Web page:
What to do when special needs childcare leads to debt problems.
Seven years ago, Kelly wouldn’t have dreamt she’d be making her own laundry soap or living without cable, planting a garden or blending her own baby food. But when her third son Nate was born with unexpected special needs due to complications, Kelly was forced to leave the workforce to care for her son full-time.
Kelly and her husband called Consolidated Credit for help. And by the time her fourth son came along, it really gave birth to Kelly’s cost-cutting lifestyle!
This wasn’t the first time they reached out help…
Like many young adults, Kelly and her husband hadn’t exactly been responsible with credit while they were in college.
“My husband had to rely on credit just to get through school. Then when we got together we sometimes used credit as a crutch. Some of it was just stupid spending because we were young and didn’t know any better, like putting regular bills on credit cards just to get points and cash back.”
So they called Consolidated Credit to set up a debt management program. With their credit counselor’s help, they were able to get on the right financial path.
“We got all of the debt cleared away and decided we were going to make some changes. With a better understanding of our finances, we even adjusted to a 15-year mortgage so we could get our house paid off sooner. Things were going really well and we were on track.”
Then a special delivery brought on special needs and care…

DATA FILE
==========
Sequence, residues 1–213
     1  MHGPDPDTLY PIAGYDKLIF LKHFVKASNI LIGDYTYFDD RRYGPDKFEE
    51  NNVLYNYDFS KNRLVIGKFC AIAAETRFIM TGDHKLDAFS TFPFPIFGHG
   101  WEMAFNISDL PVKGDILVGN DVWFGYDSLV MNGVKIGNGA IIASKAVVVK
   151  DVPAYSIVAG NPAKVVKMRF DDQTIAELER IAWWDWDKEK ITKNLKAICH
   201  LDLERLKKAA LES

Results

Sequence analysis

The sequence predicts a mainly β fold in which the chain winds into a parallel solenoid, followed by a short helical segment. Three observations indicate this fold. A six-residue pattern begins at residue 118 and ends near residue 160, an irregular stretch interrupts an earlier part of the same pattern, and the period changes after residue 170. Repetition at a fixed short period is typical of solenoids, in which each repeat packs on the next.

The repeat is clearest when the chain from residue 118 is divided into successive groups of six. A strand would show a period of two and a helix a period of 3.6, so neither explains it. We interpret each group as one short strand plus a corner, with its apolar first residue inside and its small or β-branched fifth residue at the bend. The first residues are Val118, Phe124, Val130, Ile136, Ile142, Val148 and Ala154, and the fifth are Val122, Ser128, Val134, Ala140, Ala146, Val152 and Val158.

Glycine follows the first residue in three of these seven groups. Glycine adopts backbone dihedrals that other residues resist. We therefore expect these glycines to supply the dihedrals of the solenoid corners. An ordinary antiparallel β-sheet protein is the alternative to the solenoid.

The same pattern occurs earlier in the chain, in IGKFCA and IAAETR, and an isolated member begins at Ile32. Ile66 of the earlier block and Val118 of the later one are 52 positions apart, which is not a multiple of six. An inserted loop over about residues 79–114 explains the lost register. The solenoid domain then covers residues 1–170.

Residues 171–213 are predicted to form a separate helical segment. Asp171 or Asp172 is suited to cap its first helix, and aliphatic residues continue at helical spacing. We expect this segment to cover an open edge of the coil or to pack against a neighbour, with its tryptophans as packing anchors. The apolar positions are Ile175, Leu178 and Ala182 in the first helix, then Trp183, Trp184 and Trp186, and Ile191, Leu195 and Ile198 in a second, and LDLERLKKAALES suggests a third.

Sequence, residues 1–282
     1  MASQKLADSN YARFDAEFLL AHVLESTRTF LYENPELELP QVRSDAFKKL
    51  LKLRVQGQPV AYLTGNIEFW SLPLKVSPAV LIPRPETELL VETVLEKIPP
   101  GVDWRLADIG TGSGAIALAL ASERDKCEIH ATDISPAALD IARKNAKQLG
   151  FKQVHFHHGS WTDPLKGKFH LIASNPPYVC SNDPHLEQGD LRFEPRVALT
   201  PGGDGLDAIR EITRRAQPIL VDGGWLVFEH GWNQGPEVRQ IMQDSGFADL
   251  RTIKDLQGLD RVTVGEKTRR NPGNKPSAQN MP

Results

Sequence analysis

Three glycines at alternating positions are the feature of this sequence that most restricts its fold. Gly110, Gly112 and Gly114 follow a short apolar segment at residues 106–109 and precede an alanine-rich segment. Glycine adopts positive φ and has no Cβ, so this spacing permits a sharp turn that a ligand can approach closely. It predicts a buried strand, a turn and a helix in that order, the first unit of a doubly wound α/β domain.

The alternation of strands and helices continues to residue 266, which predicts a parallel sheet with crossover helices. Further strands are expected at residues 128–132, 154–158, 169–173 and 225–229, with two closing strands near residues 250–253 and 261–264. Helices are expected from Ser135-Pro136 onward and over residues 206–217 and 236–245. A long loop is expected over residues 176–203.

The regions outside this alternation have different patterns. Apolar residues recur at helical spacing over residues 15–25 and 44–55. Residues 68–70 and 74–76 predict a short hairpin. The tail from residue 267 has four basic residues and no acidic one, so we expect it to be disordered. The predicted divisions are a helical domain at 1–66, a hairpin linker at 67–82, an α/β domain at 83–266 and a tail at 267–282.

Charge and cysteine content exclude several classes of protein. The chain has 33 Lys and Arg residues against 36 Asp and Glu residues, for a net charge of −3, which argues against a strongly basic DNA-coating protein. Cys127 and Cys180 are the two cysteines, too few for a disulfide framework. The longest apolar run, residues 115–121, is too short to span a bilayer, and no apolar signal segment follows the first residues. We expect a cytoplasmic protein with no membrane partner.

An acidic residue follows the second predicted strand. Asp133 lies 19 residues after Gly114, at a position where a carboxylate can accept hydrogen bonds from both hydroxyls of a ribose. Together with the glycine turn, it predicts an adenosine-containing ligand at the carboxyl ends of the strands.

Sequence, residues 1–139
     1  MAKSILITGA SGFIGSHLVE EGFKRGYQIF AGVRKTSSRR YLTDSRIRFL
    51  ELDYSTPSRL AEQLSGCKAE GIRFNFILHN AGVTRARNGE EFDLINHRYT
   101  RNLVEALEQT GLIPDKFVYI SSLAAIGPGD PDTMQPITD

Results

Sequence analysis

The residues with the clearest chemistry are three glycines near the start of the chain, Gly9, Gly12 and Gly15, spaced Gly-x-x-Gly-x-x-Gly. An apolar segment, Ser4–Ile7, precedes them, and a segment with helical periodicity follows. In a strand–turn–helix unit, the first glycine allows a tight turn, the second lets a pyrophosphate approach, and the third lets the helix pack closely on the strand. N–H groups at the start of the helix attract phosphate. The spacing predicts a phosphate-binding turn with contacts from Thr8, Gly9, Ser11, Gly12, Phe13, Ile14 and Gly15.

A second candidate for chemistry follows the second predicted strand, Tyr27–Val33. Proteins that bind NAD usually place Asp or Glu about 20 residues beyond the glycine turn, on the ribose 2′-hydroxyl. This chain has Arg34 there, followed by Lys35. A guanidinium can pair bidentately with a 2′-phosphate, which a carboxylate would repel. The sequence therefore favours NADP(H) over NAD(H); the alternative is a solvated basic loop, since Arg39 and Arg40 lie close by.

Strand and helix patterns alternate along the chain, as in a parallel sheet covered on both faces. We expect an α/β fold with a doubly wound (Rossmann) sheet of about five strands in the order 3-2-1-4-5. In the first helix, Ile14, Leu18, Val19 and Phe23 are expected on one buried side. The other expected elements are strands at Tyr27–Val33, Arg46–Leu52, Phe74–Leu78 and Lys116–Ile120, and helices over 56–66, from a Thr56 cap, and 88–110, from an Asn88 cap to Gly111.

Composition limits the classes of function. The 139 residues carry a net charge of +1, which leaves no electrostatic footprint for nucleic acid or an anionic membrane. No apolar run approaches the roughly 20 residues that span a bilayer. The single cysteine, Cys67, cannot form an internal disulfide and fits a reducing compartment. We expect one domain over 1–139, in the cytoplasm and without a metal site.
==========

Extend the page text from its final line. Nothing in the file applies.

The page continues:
As they eagerly awaited the arrival of their third son, Kelly and her husband couldn’t imagine what was about to happen and how significantly their life would change.
“My third son Nate was born with pretty significant special needs. At first we didn’t even know if he’d live, but then thankfully we were able to bring him home. But he needed hospice and in-home nursing. We had all these machines running, the lights were always on. Our electric bill went through the roof and so did our water bill.”
The utility bill increases weren’t the only financial shock they had to absorb. Costs just kept mounting and they were barely staying afloat on a shoestring budget.
“Nate needed a lot of medical appointments and therapy visits. When he turned 3 he was able to get his trach out and the nurses left. But after my lost wages and all of the expenses we incurred, we’d accumulated $66,000 in debt in just that 3-year period.”
The stress began to take its toll…
At the time, Kelly was still trying to continue her career as a social worker. But the stress of trying to take care of a special needs son, the rest of her family and her demanding job began to take a psychological and financial toll.
“Sometimes I’d have to be at the hospital for my son and at the courthouse for a case at the same time. It was like a constant whirlwind. I had things that I had to do at work, but I couldn’t keep up with them and give Nate the care he needed. I had to quit my job.”
Unfortunately, that meant the loss of her $40,000 annual income. Their tight budget became downright unmanageable on her husband’s single salary. To make matters worse they didn’t qualify for assistance.
“My son didn’t qualify for Social Security. So if there was something he needed that wasn’t covered by insurance, we had to put that on credit, too. The bills just kept piling up bit by bit and we were barely getting by with everything we needed to manage his health.”
Kelly’s son beats the odds and becomes her inspiration…